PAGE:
Robin Campbell-Burt – Director
Marketing and advertising executives have clear standards that they need to adhere to, shouldn’t politicians be following suit?
Having spent just under 20 years working in marketing and communications I am very aware of the regulations that we have to obey.
The UK government is very clear – marketing must be accurate, legal, decent, truthful, honest, and socially responsible.
Furthermore, ‘The Consumer Protection from Unfair Trading Regulations’ mean that marketing cannot mislead or harass consumers by including false or deceptive images, leave out important information or use aggressive techniques.
These measures seem perfectly reasonable and any marketing specialist with integrity should have no problem in abiding by them. They also seem an ideal template for our politicians.
The news that Boris Johnson MP will go to court to answer a private prosecution for lying that the UK gives the EU £350m a week seems to some people like the right thing to do.
Whether or not it is the truth (like a lot of politics it is and isn’t at the same time), I think that it is a sad day when democracy is reduced to the same level of thought as marketing. Perhaps it is not so surprising when we think how central consumerism has become to our society, both for our personal sense of identity and as a driver for economic growth.
But there are vital differences between the roles of democratic debate and marketing in our country. Democracy is about the competition of ideas – of what could be, as well as what is. Politicians debate and compete with each other’s’ ideas and an engaged public witnesses this, deciding with what and whom to agree.
Politics is supposed to challenge conventional thinking. At its best it will always push the boundaries.
In contrast, the multitude of products and services that are continually being marketed to society simply does not face the same level of public scrutiny that our politicians come under. This surely must be the central argument why we should treat them as different things and why marketing requires specific regulation.
The controversy of what was written on ‘that bus’ is well known by anyone who is politically engaged – public debate has revolved around it endlessly. So why is it necessary to go to a court of law? The public sphere of the media has already done its job.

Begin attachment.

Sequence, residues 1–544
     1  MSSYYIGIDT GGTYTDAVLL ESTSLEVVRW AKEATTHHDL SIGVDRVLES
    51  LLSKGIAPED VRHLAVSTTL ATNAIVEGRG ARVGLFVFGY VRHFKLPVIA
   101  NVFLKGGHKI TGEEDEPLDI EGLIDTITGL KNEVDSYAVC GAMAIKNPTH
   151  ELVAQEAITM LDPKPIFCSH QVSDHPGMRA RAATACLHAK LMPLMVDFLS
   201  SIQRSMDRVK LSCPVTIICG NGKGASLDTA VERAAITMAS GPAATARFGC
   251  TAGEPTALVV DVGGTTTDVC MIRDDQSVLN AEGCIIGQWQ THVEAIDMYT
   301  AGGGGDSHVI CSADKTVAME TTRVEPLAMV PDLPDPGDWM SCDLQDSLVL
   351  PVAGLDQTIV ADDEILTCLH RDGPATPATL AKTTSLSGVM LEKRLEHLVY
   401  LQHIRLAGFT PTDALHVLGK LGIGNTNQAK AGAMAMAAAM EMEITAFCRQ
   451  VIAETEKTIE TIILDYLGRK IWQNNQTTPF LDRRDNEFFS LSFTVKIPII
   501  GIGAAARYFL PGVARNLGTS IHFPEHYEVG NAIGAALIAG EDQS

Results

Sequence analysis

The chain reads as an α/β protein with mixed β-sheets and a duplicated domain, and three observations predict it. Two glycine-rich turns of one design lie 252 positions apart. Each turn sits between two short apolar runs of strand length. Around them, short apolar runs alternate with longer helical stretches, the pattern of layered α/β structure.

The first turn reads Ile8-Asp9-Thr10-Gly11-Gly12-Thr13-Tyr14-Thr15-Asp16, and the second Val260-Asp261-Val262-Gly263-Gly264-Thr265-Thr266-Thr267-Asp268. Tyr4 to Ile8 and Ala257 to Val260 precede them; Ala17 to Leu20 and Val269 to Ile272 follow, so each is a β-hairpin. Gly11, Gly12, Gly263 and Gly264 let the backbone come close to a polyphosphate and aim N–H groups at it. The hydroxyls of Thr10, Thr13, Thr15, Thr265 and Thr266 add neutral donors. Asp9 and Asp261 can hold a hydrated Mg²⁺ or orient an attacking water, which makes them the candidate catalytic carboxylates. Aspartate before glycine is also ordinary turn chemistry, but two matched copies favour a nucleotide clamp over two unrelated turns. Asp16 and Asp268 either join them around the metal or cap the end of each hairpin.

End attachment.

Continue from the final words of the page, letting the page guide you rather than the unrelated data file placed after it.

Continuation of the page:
The big issue is that If Boris is to have his day in court, then everyone in politics will have to face a judge who will then decide what they can and can’t say. Big on the list would surely be George Osborne for his statement that there would be 500,000 job losses or that we would all be over £4,000 a year worse off from the Brexit vote.
Then there is Jeremy Corbyn and what he has said regarding his past support for the IRA; Gordon Brown when he claimed he had ended boom and bust recessions (remember 2008 anyone?); or the Green Party and its more lurid campaign claims over global warming.
All of these people could be challenged in a court of law – regardless of whether you support them or what they say is true. This in short is a recipe to grind our healthy democratic competition of ideas to a halt.
It would also suck the law into the highly partisan world of politics undermining its independence. This would not be democracy. In fact, having the courts adjudicating on public debate would be the end of democracy.
A final thought is that the law is a rich person’s business. Only those with the funds behind them will be able to push claims in court against politicians. The private prosecution being brought against Boris Johnson has had to be crowdfunded by thousands of donations.
Big business in particular will have an inbuilt advantage. Just imagine how an oil company could take the Green Party to court to challenge its rhetoric on climate change and who is to blame for it.
It will be the weakest and most vulnerable in our society who will suffer if private prosecutions of politicians take off.